international

Annual compilation of "exam howlers"

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Prepare for some Darwin-on-Mendel action: It's the annual compilation by Times Higher Education of the more foolish things students wrote on exams.

More Australian university students living in poverty

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Two-thirds of Australia's university students earn under $20,000 a year and one in five is under the poverty line, as tuitions and debt mount.

Public Policy Group Accredits Non-U.S. Program

For the first time ever, NASPAA: The Network of Schools of Public Policy, Affairs and Administration has accredited an institution outside the United States. The institution is Tsinghua University’s School of Public Policy and Management in Beijing, China.

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‘Emiratisation’ at UAE Institution

Five expatriate directors of branch campuses of the Higher Colleges of Technologies in the United Arab Emirates have been replaced by UAE nationals as part of the country’s ongoing process of “Emiratisation," The National reported.

The Economist recently reported that while employment policies favoring Emirati nationals have been in place for three decades, the drive for "Emiratisation" may be accelerating. 

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Thai University Apologizes for Hitler Billboard

Chulalongkorn University has apologized for a billboard featuring Hitler alongside various superheroes, ABC News reported. The billboard was up for several days, with some students reportedly saluting the Hitler image. The university said that the image was created by students unaware of why it would be offensive to so many people.

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In Move to Mainland China, U. of Macau to Have Uncensored Internet

The University of Macau is relocating to a much larger campus in Zhuhai, where it will be the first academic institution in mainland China to have officially negotiated an uncensored Internet connection, The New York Times reported. Despite its mainland location, the campus will be governed by the laws of Macau – a semi-autonomous region of China (like Hong Kong). Students who commute from Macau to the campus will do so through an underwater tunnel and without undergoing the usual immigration checks. Concrete barriers will separate the campus from the rest of China.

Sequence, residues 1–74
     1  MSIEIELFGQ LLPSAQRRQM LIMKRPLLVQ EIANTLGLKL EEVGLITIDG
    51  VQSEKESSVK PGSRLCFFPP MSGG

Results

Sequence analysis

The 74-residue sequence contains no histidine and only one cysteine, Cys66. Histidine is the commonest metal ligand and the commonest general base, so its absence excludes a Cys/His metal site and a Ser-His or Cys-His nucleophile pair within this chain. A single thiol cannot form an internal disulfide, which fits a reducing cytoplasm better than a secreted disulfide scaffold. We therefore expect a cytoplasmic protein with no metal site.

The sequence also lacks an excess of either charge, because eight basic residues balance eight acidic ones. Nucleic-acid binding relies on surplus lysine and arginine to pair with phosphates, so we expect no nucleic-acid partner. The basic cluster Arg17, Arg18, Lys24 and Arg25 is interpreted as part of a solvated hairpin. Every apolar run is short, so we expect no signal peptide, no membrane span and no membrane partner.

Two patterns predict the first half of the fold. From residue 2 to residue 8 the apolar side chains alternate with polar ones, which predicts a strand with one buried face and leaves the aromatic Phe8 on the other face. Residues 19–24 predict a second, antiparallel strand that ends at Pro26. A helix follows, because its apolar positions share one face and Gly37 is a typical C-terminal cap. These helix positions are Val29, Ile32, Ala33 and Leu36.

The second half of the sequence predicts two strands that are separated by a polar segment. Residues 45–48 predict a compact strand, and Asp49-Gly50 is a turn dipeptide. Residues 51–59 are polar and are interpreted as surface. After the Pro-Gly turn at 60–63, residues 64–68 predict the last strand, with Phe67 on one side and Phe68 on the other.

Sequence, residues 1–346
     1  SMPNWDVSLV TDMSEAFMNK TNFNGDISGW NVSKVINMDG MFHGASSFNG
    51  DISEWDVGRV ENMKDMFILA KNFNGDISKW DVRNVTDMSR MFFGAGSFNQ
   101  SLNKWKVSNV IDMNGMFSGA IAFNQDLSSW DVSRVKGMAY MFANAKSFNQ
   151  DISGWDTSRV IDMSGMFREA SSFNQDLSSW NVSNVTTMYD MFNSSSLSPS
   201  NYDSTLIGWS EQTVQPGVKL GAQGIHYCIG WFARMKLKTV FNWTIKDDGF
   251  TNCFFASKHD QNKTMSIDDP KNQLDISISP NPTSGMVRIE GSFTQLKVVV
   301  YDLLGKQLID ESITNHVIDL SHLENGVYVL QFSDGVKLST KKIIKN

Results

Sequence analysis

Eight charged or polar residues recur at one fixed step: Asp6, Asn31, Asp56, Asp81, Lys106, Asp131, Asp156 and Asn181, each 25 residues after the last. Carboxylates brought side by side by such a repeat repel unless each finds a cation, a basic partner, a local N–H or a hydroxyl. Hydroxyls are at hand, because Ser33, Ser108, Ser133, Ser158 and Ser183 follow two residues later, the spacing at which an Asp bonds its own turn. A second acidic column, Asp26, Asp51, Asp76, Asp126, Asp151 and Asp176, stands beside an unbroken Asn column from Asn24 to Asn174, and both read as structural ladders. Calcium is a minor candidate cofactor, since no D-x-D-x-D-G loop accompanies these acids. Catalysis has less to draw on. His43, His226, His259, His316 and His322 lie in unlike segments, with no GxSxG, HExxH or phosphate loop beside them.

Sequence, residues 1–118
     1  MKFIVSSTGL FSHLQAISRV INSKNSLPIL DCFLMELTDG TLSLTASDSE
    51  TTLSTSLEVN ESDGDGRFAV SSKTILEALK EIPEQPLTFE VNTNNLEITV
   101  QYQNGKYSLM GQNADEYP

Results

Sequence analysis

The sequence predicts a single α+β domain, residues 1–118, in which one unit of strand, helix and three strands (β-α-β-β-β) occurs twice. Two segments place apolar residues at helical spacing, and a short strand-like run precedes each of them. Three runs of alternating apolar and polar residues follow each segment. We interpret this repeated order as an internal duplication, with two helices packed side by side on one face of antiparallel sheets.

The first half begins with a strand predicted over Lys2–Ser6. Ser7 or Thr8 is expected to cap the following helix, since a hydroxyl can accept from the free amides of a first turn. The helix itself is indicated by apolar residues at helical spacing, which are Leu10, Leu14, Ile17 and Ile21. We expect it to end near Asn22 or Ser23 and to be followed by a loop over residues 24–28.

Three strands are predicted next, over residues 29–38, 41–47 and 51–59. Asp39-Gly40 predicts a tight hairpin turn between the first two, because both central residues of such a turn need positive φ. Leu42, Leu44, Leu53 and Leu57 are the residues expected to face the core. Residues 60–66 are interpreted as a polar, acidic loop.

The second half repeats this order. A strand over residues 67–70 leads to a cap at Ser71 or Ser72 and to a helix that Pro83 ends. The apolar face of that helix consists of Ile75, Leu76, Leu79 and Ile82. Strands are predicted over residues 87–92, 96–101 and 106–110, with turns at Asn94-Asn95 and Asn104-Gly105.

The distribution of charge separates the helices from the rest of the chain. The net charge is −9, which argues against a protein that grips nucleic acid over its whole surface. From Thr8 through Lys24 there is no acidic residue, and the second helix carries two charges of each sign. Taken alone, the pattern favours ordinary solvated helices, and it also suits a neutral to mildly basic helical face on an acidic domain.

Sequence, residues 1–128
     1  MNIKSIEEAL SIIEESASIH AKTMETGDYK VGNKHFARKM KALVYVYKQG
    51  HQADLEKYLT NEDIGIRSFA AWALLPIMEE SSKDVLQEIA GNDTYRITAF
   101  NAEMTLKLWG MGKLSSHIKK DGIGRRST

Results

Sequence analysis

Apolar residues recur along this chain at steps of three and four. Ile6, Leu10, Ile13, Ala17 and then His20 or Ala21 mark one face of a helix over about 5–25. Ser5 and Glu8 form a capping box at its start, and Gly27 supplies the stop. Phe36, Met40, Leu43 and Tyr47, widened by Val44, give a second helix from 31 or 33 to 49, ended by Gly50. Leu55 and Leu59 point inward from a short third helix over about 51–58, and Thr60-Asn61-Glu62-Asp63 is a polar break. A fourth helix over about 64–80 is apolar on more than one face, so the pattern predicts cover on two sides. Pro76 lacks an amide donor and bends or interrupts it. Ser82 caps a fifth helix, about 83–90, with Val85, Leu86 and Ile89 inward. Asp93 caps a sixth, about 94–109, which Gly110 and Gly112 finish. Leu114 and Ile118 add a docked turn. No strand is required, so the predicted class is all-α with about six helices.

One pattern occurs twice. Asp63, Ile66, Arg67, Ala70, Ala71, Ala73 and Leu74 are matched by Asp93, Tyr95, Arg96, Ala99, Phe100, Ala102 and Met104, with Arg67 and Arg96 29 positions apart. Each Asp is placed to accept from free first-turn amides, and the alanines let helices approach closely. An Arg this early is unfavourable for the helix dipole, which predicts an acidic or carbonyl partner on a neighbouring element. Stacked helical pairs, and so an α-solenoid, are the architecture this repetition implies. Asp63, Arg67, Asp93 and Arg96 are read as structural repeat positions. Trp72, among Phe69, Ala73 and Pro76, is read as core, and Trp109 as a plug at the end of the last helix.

An associate professor of law at the University of Macau quoted in the article described the situation as “curious”: “This piece of land is not legally an enlargement of Macau, but in practice, it is,” Jorge A.F. Godinho told the newspaper. “There won’t be a border or Internet censorship or anything.”

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Concerns on Job Prospects for New Israeli Ph.D.s

Israeli science and education officials are concerned about a new government study finding that only about one-third of those who earn Ph.D.s at Israeli universities eventually join the faculties of those institutions, The Jerusalem Post reported. Officials said that they believed the one-third figure reflected a brain drain problem, which they said should be remedied by providing more funds to Israeli universities and private research institutions to hire more Ph.D.s. Another data point of concern found that while 77 percent of new male Ph.D.s do their postdoctoral training abroad (most commonly in the United States), only half of new female Ph.D.s do so. Postdoc location is important because the best jobs in Israeli academe go to those with foreign postdoctoral training.

 

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Student Who Was Blinded by Husband Finishes Master's

Rumana Monzur, a student at the University of British Columbia who was blinded by her husband on a trip back home to Bangladesh, has finished her master's degree, The Canadian Press reported. It took Monzur two years to recover and to earn the master's degree in British Columbia. She is now planning to go to law school.

 

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Toronto College Found to Have Misled Students

Ontario’s top court has upheld a lower court ruling finding that George Brown College, in Toronto, was negligent in publishing a misleading description of its graduate international business management program, clearing the way for the awarding of damages to students, CBC reported. Almost 120 students, two-thirds of them international, had enrolled in the program, which was billed in a 2007 course calendar as providing students "with the opportunity to complete three industry designations/certifications in addition to the George Brown college graduate certificate." The students were distressed, however, to find that they would not automatically earn industry designations in international trade, customs services and international freight forwarding upon graduating from the program. While the university argued that a “reasonable student” who did his or research could be expected to have known that, Superior Court Justice Edward Belobaba determined that the description "could plausibly be interpreted as meaning exactly what it said."

"Having paid a substantial tuition fee and related travel and living expenses, they could not afford the additional time or money needed to pursue the three accreditations on their own.” 

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U. of Chicago Moving MBA Program From Singapore to Hong Kong

The University of Chicago is moving its Asian M.B.A. program from Singapore to Hong Kong, The Wall Street Journal reported. The move reflects the growing demand from people in China for M.B.A. programs, and a desire to be closer to China.

 

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